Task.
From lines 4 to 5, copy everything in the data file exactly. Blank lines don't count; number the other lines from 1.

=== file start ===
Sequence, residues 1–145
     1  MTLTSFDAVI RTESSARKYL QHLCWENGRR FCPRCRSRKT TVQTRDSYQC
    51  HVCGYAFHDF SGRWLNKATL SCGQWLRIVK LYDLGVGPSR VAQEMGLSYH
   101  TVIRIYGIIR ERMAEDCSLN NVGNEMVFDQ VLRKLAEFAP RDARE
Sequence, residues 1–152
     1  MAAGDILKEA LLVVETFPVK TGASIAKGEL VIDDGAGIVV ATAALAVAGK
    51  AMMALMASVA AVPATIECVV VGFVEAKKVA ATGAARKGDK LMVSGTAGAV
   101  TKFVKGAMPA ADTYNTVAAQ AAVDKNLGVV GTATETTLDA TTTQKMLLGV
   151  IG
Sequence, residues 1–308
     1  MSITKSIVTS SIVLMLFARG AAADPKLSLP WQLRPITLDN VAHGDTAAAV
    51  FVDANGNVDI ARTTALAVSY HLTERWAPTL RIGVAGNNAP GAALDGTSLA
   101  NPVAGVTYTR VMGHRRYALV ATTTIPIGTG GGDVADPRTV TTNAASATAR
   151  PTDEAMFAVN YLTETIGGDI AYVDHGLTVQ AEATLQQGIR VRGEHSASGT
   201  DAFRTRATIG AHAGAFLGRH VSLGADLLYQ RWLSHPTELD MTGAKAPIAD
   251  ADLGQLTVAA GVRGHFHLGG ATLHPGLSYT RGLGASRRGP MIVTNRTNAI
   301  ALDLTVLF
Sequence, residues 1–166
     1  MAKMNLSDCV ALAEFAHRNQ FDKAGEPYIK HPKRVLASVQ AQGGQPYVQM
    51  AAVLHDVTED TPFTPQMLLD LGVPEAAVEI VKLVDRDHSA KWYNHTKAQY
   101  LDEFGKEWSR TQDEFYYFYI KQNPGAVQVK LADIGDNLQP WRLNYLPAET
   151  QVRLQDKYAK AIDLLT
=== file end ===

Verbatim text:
   101  TVIRIYGIIR ERMAEDCSLN NVGNEMVFDQ VLRKLAEFAP RDARE
Sequence, residues 1–152